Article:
After being diagnosed, radiotherapy can be a useful tool in reducing tumour size in patients who have a large tumour causing pain. In this instance, surgery would cause a loss of function.
By reducing the volume of the tumour, the surgeon has a better chance of performing a successful operation and unwanted symptoms can be reduced or resolved completely.
This is called neo-adjuvant or pre-operative radiotherapy.
After surgery, radiotherapy may be used to improve control of the tumour site and help minimise risk of recurrence. This is particularly important where there are still live tumour cells in the resection specimen, or in some patients who were deemed to be high risk.
Improvements in radiotherapy techniques have led to reduced long-term effects. Risks still exist, but the potential benefits outweigh these dangers.
Radiotherapy can also be used to help control symptoms related to tumours or metastases. This is generally referred to as palliative therapy.
How is it decided whether to have radiotherapy?
As with other aspects of treatment, the MDT will decide the best treatment for the patient and offer as much information and support as possible.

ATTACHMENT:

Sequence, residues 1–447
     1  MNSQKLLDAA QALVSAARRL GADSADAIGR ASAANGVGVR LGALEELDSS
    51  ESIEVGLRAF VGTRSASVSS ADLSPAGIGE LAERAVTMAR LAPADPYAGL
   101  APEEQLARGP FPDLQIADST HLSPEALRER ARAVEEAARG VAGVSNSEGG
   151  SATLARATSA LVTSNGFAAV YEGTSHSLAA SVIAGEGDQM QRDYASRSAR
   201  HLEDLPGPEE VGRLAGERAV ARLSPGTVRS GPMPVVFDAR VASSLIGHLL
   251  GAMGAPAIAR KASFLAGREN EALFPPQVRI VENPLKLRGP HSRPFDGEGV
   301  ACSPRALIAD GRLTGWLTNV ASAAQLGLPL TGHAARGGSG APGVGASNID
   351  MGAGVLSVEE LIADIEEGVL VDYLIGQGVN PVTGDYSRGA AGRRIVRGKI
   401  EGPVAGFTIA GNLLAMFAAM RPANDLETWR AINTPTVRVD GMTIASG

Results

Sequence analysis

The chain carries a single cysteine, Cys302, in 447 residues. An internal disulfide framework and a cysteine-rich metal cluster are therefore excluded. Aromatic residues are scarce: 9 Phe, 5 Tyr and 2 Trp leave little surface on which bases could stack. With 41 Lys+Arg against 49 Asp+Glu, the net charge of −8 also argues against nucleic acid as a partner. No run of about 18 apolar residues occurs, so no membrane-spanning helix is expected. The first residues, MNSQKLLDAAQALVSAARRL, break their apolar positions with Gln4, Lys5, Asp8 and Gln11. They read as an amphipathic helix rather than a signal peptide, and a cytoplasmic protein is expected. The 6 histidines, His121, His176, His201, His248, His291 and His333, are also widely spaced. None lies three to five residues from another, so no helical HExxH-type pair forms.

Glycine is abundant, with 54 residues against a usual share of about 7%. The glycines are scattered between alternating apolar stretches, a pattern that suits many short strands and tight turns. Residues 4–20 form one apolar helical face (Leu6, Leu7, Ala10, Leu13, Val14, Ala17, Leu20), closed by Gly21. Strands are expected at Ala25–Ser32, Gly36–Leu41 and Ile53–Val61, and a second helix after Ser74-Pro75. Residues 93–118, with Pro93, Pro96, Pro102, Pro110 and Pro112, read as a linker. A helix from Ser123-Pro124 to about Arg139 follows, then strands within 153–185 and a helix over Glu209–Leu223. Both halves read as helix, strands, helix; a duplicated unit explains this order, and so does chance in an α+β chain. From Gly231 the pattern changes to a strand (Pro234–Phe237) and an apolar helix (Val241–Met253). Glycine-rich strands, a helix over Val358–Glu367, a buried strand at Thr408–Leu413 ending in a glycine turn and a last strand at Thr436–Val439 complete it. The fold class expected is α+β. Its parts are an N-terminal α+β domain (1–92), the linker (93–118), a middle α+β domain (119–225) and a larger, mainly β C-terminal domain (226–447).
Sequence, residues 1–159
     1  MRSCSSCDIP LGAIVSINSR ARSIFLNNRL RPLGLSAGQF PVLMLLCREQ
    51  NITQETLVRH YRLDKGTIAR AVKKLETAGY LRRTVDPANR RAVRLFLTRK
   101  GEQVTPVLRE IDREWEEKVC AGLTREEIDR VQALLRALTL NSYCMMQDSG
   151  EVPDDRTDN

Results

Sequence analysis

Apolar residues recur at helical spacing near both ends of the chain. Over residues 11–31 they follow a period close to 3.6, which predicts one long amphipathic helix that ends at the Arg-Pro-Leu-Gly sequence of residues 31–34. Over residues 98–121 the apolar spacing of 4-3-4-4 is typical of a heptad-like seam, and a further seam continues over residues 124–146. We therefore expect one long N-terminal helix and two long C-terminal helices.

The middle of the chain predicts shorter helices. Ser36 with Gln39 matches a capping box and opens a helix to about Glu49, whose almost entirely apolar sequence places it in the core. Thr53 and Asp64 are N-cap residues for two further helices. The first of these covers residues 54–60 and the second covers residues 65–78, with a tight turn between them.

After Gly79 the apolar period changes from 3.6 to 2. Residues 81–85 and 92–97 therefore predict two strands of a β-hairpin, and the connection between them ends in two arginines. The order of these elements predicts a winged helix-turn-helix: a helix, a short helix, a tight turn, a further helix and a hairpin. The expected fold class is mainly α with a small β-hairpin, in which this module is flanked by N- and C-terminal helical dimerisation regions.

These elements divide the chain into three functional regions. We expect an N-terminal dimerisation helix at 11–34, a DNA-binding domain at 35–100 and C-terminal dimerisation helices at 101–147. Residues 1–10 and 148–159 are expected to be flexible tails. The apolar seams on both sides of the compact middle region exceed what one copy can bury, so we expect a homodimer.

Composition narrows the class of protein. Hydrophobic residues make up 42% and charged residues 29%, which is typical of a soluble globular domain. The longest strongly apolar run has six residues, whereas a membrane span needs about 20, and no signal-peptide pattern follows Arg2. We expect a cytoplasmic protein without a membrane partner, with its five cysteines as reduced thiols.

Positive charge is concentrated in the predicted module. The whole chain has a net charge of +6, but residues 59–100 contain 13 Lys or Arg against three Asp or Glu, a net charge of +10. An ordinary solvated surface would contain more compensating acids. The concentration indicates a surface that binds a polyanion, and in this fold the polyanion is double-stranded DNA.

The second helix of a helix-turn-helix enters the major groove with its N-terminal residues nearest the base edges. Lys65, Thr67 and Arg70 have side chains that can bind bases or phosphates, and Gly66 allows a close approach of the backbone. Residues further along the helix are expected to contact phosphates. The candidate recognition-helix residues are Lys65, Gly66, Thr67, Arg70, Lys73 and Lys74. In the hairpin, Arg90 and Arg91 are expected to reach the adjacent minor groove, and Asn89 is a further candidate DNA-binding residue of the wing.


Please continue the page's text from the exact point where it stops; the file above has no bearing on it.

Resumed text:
For more information on radiotherapy and its side effects, click here.
Once treatment is complete, regular follow-up by oncologists and surgeons will be necessary to assess the outcome of the treatment and monitor for recurrence or spread. It will also monitor for long-term side effects of treatment, and enable access to other appropriate services such as physiotherapy.
Survival rates have improved since the use of chemotherapy began, but they have reached a plateau recently, meaning new treatments are required.
Research is ongoing to try and improve the outcome for patients with Ewing’s Sarcoma.
As we learn more about the biology of Ewing’s Sarcoma, novel treatments will emerge.
Agents that specifically target the tumour are very attractive to researchers. The EWS-ETS transcription factors, which aid the initiation of the tumour, may be an exciting area of research.
Optimising existing treatments such as the quality of prostheses may also help minimise the impact on quality of life for these patients.
Review date: Currently under review